I have one CP (Margo) and she points out things I don't notice. Like the overused word of the book--it's always different for each book. Errors in police procedure. Lack of emotional development when I'm too focused on the plot, etc. etc. My older daughter reads the manuscript and makes comments about phrases sounding old or characters doing something no one their age would do, that sort of thing. My editor is a man, so I get a guy's perspective from him. He tightens up the plot when I stray off course a little. I agree these POVs are invaluable! It's too bad you didn't get more feedback on you blog post, but it's interesting that we all had the same reaction!

Brenda Whiteside said...

Thank makes all the sense in the world, Margo.

Brenda Whiteside said...

Sounds like you get varied and useful feedback on your novels, Jannine. I don't know how I'd write without critiques.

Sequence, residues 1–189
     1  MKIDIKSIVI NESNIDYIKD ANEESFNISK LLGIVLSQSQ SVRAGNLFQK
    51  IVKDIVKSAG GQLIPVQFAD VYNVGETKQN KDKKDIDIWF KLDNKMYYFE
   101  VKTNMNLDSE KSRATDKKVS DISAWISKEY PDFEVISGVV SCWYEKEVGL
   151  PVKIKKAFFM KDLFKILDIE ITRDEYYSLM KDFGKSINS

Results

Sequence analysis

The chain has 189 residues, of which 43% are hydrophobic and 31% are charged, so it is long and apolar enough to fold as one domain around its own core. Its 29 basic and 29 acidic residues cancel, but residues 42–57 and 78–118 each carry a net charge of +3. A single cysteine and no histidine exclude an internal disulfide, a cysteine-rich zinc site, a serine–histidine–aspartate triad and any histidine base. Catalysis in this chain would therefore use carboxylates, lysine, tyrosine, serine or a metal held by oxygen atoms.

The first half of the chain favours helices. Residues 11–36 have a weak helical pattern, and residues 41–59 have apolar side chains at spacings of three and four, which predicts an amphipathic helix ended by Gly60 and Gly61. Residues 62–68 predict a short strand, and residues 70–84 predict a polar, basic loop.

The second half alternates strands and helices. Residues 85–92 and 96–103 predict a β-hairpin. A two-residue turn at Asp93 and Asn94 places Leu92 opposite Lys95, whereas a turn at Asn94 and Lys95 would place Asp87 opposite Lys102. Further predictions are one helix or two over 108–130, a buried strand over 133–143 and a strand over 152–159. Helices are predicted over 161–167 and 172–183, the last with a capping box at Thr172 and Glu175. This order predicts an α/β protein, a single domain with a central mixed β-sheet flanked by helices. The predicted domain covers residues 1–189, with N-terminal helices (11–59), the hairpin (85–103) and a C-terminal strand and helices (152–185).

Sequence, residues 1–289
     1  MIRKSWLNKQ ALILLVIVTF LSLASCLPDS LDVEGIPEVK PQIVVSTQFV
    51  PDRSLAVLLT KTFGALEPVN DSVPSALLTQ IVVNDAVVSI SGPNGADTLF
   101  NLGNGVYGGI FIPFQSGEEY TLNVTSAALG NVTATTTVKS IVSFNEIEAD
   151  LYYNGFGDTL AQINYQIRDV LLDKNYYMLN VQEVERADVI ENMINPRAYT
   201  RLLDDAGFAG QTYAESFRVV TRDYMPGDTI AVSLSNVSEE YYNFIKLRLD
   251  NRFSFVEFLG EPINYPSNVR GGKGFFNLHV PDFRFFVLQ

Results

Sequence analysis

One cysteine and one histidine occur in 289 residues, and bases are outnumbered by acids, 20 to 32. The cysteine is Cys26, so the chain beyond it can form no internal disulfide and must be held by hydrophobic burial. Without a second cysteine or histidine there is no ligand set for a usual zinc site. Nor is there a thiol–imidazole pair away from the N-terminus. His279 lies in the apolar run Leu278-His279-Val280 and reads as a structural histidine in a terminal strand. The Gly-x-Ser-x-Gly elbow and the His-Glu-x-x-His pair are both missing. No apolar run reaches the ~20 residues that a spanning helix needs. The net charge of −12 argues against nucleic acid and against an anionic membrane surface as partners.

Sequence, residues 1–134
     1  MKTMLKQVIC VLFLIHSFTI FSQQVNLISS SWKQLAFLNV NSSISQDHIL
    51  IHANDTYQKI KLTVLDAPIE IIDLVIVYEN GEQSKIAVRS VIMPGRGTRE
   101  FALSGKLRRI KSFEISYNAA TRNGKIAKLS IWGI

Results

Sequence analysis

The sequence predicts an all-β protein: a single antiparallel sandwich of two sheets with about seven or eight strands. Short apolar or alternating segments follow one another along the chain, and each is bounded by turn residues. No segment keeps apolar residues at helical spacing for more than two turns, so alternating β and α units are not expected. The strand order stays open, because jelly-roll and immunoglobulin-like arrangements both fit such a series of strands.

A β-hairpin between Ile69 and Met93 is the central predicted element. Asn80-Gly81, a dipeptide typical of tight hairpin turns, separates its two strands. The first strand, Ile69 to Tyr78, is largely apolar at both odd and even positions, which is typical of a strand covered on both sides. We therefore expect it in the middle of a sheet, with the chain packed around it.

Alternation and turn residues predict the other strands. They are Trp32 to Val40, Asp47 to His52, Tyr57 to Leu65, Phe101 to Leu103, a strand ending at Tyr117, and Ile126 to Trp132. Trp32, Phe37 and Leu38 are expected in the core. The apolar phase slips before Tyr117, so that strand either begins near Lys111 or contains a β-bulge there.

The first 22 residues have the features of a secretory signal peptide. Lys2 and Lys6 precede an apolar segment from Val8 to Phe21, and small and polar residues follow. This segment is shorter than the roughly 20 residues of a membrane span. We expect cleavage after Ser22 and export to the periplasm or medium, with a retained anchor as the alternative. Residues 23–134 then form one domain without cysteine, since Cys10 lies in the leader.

Rolynn Anderson said...

As I said when Leah wrote about critique, critical friends are gems. I've actually written a book on CFG's...Critical Friend Groups...setting up protocols for teachers to use seeking feedback on developing lessons. When I was a principal of a newly opened school, I only hired teachers who were willing to collaborate with other teachers to improve skills (we integrated subjects and worked in teams, too). Anyway, I'm steeped in the concept, Brenda. Writers are desperate to find out if their text creates the emotional responses they were working so hard to engender...that takes a kind of testing, checking with the reader. Your 'funny-odd' example is a good one. It's hard to know how readers will respond to such a term...we have to ask!